And great answer, Kye. That was exactly what I was hoping would happen – and it did. The strips shrunk just the tiniest bit, and then were absolutely perfect for stretching across the inside of the pie, between the crusts. PJH

    1. The Baker's Hotline

      If you would like to use Instant ClearJel, you can use 1/4 cup plus 1 tablespoon in the strawberry rhubarb filling and 2 tablespoons in the blueberries. To prevent clumping, add the ClearJel to the sugar and mix before adding it to the fruit. There’s also a bit of sugar in the Pie Filling Enhancer, so feel free to add an additional tablespoon of sugar to each portion as well if you would like to make a sweeter pie. Happy pie baking! Kye@KAF

  8. MaryKay Rose

    I LOVE this PJ! I’m so happy I found it when I googled it. I’m going to try making it a cherry/blueberry cobbler for the 4th of July. I think ithe rectangular shape will make it look even more like a flag. To simplify and save time, I bought crust and pie filling. Wish I had a tiny star cookie cutter because the stars took a while to cut out by hand. Hope it turns out as pretty as yours. Thanks for posting. 🙂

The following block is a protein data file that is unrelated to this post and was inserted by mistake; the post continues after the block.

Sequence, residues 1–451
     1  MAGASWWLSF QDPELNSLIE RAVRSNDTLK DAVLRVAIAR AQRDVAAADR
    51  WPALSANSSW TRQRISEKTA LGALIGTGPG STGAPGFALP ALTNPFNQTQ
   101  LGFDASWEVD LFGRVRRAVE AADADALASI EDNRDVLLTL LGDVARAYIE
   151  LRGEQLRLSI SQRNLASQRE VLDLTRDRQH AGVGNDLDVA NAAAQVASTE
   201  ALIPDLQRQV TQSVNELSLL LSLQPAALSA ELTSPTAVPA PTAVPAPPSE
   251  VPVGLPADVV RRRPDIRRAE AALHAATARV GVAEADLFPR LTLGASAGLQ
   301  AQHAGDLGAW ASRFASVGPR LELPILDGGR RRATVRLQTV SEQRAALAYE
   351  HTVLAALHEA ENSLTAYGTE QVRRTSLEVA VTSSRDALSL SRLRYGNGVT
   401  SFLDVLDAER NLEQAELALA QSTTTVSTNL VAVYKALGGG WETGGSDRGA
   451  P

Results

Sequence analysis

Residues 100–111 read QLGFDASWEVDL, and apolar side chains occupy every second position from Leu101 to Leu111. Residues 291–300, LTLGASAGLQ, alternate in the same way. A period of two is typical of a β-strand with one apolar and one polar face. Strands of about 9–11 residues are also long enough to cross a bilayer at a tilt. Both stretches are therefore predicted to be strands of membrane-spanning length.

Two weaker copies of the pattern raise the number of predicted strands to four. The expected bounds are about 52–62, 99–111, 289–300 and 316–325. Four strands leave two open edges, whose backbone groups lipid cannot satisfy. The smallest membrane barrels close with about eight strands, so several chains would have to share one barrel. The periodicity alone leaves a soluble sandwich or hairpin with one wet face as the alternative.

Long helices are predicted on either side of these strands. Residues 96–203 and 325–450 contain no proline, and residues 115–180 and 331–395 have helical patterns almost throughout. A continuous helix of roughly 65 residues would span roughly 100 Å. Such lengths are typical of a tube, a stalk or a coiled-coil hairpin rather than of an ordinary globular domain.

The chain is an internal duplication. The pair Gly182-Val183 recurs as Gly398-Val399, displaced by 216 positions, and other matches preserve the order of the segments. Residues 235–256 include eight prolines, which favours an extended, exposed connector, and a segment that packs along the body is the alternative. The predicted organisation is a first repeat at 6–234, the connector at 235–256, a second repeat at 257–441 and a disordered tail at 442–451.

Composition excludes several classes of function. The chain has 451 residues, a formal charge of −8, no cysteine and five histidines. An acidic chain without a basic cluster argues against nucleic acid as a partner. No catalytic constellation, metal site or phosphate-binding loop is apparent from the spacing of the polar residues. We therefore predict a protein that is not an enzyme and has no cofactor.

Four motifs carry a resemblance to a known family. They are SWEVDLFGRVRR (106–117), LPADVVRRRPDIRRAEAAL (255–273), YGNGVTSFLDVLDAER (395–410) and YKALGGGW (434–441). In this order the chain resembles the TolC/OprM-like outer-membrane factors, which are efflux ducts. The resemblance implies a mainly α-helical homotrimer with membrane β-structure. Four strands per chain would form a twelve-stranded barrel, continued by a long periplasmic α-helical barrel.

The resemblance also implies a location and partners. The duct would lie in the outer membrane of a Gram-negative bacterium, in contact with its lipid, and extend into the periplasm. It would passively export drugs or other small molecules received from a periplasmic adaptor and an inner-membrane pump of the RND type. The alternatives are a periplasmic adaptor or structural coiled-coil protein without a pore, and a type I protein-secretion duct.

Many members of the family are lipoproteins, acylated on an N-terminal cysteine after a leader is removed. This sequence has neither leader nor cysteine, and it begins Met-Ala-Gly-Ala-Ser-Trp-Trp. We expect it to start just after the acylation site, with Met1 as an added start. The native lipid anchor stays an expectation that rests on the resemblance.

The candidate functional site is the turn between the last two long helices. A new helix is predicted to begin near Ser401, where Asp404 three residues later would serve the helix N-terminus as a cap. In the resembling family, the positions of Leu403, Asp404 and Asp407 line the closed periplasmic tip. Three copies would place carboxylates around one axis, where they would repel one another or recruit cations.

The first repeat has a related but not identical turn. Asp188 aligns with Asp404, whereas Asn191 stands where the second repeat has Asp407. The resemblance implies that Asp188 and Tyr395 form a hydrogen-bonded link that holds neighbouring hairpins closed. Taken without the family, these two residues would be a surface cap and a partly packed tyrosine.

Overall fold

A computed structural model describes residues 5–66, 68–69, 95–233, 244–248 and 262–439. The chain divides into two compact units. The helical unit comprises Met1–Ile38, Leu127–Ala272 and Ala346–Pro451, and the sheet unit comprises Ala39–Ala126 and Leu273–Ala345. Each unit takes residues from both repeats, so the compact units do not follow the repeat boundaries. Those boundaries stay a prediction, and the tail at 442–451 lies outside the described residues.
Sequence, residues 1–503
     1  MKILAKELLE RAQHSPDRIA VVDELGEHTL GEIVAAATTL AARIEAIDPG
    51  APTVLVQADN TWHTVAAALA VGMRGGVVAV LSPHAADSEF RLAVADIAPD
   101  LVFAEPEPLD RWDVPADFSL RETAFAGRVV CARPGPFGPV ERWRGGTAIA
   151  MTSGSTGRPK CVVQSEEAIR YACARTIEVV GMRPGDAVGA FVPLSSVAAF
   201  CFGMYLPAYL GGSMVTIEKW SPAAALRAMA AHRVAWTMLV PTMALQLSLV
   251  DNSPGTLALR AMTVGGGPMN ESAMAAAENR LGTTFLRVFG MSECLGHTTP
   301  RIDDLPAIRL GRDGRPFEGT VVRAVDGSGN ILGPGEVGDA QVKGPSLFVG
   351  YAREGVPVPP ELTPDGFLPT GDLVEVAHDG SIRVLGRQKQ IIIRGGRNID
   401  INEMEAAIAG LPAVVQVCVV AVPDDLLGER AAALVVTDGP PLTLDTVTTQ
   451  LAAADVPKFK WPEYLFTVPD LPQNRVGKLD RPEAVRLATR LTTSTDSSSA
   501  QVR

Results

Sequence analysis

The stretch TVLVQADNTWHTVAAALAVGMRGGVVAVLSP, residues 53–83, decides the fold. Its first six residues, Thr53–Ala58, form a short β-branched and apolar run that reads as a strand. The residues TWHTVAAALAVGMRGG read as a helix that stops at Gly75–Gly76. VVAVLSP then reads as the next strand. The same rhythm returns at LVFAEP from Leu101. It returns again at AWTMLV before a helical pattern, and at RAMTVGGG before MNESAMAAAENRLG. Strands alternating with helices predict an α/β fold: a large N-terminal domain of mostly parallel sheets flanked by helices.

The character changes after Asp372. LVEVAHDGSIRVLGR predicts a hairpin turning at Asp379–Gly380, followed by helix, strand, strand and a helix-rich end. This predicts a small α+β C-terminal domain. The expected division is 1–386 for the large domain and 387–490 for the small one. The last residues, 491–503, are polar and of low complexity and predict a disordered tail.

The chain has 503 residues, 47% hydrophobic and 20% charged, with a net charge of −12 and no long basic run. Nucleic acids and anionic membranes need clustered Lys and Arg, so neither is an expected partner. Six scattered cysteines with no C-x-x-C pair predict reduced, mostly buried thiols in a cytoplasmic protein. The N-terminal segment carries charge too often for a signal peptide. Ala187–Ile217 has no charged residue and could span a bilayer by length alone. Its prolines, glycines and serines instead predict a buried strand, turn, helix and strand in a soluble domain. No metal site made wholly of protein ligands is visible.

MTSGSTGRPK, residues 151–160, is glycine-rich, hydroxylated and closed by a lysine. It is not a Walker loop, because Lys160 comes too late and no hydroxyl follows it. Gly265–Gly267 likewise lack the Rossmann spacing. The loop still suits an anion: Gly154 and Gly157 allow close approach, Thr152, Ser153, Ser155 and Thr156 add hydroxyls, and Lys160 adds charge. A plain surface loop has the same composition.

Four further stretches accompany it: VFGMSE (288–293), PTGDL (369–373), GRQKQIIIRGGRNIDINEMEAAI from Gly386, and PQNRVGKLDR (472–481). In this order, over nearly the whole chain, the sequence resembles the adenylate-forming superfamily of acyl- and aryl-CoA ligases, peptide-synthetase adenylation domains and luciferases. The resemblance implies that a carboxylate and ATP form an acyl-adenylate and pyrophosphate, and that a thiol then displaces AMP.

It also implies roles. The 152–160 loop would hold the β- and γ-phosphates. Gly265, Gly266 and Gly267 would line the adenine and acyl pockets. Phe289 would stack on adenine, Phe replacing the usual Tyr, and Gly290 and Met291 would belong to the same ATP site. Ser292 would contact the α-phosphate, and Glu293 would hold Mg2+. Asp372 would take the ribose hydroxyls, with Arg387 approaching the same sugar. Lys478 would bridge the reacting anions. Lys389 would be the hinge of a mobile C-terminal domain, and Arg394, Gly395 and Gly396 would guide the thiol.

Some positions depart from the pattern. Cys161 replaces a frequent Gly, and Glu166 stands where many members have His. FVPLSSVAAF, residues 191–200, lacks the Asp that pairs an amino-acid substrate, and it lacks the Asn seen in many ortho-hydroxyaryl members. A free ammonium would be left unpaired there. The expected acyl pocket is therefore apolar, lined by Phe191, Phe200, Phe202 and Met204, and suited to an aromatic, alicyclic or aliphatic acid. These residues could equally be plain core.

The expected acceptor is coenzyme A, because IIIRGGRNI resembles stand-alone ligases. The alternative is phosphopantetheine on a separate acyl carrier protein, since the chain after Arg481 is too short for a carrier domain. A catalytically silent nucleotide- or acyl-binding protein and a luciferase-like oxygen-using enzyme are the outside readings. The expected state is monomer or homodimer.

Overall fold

Reply
    1. PJ Hamel, post author

      MaryKay, that’s a great idea! Texas-style cobblers have a lattice crust, so it makes perfect sense. I’m sure it turned out just as wonderful as it sounds. And I’m definitely stashing your inspiration away for next year – thanks! PJH

  9. flutterbyhats

    Well, I made it! It isn’t as pretty as yours. It is cooling off so I haven’t had any yet! I can’t wait to dig into it. It will most likely have to wait until tomorrow as it is so late!
    Thank you for the great idea!
    Cathy

    Reply
    1. The Baker's Hotline

      Today is the day for digging in. We hope this recipe becomes a 4th of July favorite year after year! Elisabeth@KAF

  10. Paula

    What a helpful article!!! Lots and lots of good tips. I wish I had found it yesterday before I baked my pie. Aaaaah, so you don’t put the stars and stripes on the pie when you go to bake it. I wondered if they’d burn so fortunately I checked after about 15 minutes and realized they would. I took them off with my fingers, was able to save them all and applied when the pie came out of the oven. Mine was still pretty, just looked like the flag was waving a little.